REUTERS | Ricardo Moraes

A “Brave New World”: how IT is going to transform civil litigation

Although much has been written about the proposed reforms to the civil litigation system, in many ways we remain slightly in the dark about how the changes, once implemented, will work in practice. In terms of how IT will assist in this, until the thirteenth lecture in LJ Jackson’s series of lectures aimed at explaining the reforms and the thinking behind them, we had heard little.

Jackson LJ’s thirteenth lecture

The role of IT was the focus of the thirteenth lecture and, from what I have read, a “Brave New World” awaits. However, I couldn’t help wondering:

  • Are the aims realistic or merely aspirational?
  • Where timescales are mentioned, are they achievable?
  • How do the proposed initiatives fit in with existing systems governing e-working?
  • And last, but not least, how will these IT changes impact on court users and practitioners?

Total support

Before I go any further I must first say that I am in total support of a world where we will have access to TCC-specific automated directions and electronic monitoring to ensure compliance with court ordered deadlines. In previous blogs I have already expressed my view that the likes of e-working and cost management are a welcome addition to TCC procedure.

The “but”

The trouble is, while the intentions are good, the logistics seem off the scale. Set against the backdrop of the disappointingly low uptake and progress of e-working, highlighted again recently by the misplaced hope that the move to the Rolls Building and the complete overhaul of the county court system would bring us much closer to an integrated court IT system, surely we are right to be concerned.

Jackson LJ hopes that many of the new IT solutions will be in place by April 2013. This is when, we are told, the cost management pilot in the TCC will be rolled out generally and when the stricter measures to ensure compliance with court orders will be implemented.

It is less clear when we will have our automated TCC directions together with the new format bill of costs. And that is the problem. Unfortunately, because the task is so formidable, the approach seems to be that the IT solutions have been and will continue to be developed through separate projects and initiatives. We still have to master online payment to make e-working properly workable and the county court seems to have shied away, at least for the time being, from adopting the high court’s e-working system.

It is hoped, but as yet unclear, that the intended system for automated directions and monitoring compliance will form part of the system that we already have for e-working. One integrated court system is the only way to persuade users that they are truly getting a better service.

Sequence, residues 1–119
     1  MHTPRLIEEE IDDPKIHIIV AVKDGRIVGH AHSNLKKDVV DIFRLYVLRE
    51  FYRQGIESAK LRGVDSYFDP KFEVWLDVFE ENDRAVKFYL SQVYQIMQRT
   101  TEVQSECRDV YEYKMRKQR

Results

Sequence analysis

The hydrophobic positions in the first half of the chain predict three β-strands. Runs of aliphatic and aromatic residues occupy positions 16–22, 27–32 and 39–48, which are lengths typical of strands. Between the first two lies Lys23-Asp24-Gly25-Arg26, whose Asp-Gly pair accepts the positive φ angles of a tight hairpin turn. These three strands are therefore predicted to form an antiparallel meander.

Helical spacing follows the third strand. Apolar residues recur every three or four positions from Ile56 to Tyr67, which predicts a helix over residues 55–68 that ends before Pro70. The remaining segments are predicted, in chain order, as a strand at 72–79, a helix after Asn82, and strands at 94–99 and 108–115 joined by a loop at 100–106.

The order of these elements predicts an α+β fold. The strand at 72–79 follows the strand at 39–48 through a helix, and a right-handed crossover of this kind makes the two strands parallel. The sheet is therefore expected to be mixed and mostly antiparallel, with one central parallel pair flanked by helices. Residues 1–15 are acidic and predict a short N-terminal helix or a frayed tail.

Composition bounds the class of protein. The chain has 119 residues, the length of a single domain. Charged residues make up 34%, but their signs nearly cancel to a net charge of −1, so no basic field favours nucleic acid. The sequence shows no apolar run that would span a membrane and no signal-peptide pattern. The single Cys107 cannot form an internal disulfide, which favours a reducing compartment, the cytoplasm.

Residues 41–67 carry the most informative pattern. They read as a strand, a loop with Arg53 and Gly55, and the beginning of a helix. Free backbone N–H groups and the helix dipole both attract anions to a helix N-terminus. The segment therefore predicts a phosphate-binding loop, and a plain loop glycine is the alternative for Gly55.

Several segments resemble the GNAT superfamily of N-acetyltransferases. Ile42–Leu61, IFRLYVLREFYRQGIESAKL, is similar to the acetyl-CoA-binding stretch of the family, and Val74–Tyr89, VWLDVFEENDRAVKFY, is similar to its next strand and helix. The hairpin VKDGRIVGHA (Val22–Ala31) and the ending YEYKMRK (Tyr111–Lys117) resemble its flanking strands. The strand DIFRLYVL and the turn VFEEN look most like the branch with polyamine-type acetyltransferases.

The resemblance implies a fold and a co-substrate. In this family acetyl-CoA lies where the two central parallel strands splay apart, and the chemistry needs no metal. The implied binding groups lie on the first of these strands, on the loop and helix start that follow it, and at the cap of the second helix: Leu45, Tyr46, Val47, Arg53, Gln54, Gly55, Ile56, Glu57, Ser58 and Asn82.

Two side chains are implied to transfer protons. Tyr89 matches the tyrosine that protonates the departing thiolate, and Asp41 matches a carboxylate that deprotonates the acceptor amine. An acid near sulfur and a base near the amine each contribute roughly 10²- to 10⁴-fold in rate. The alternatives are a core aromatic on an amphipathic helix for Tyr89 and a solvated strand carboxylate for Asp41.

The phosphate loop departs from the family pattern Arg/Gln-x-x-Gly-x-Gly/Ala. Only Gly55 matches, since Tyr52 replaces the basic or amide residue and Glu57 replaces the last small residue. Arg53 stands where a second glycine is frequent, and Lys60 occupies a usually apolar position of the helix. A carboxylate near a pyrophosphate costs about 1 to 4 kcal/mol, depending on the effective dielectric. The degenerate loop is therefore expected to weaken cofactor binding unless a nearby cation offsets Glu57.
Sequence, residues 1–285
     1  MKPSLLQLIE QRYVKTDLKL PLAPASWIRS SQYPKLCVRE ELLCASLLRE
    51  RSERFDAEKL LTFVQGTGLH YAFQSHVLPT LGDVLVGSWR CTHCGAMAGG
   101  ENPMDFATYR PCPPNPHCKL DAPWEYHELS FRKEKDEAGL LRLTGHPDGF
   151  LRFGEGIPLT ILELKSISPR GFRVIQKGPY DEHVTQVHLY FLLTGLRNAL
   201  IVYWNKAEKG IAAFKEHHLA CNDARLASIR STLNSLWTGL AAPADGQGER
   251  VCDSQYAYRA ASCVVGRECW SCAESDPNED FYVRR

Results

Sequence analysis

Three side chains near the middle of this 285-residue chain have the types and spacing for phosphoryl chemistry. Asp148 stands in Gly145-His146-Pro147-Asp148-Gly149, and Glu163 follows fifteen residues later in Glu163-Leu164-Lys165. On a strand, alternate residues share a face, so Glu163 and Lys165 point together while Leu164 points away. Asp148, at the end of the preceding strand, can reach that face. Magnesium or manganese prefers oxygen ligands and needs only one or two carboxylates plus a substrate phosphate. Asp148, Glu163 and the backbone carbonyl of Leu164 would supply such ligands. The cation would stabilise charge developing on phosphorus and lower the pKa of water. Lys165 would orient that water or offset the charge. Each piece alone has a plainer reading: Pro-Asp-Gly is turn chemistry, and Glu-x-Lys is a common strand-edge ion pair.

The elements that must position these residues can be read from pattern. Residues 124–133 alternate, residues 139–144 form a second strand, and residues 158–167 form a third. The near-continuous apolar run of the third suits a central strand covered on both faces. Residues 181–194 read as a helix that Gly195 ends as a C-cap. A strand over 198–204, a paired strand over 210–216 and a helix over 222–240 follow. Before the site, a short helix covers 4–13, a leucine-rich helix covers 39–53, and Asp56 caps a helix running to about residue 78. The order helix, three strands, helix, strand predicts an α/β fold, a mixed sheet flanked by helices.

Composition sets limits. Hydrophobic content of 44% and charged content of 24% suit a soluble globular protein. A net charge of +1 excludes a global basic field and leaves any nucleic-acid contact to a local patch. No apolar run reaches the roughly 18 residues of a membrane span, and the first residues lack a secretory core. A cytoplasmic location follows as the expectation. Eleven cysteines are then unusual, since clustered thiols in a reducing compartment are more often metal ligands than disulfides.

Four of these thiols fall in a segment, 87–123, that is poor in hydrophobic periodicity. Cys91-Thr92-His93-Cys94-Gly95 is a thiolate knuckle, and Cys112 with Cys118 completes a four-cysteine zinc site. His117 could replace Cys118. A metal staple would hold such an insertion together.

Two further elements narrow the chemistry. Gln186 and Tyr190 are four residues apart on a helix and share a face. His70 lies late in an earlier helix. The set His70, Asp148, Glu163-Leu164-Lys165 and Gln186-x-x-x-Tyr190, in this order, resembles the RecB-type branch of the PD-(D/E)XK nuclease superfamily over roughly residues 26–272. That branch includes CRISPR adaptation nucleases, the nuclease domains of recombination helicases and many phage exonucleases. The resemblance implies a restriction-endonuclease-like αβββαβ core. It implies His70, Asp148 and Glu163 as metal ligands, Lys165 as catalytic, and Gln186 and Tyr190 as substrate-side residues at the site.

Similar issues arise in relation to cost management and bills of costs. We already have, through the pilot, Form HB. We are now told that a new “budget form” is under development. LJ Jackson states that “many solicitors now use cost budgeting software” (though he gives no clues as to whether this simply means excel spreadsheets or something more sophisticated). He suggests that this software will need to be further developed so that it can readily be used to complete the new budget form.

  • Does this mean the time and effort spent by law firms developing systems to meet the requirements of Form HB will be in vain?
  • Whose responsibility will it be to develop this software?
  • Will it form part of the “new software required to produce the new format bill of costs”? (Paragraph 5.6 of the paper refers to new software that might be developed by the court in conjunction with a form of law costs consultants.) If not, will that result in more wasted efforts further down the line, given LJ Jackson’s long term aim that “consideration should be given to developing a single software system which can generate both cost budgets and bills of costs”?

The bigger picture

The task of putting in place a fully integrated court IT system should not be underestimated but we know that it can be done. Other jurisdictions have achieved this and now it is our turn. My hope is that, in developing the necessary IT to support the forthcoming procedural changes, the focus remains on the whole IT solution and that each step is a way to achieve this.

One thought on “A “Brave New World”: how IT is going to transform civil litigation

  1. As you may have heard, the RCJ’s Electronic Working Scheme (which serves the TCC as well as the other courts), is being shut down with immediate effect. As those of us operating in the TCC have been suspecting for sometime, the system has apparently been plagued with issues to the point where HMCTS has determined that the cost of remediation would be prohibitive. The scheme is being shut down and a new project will be initiated through government procurement channels.

    This is a very disappointing failure for HMCTS and for us as users of the TCC, but hopefully some significant lessons have been learnt and the next iteration of e-Working will be better designed and secure better uptake. Perhaps it will also ensure that the various IT plans outlined by Jackson LJ in his thirteenth lecture will be aligned with any new e-working system.

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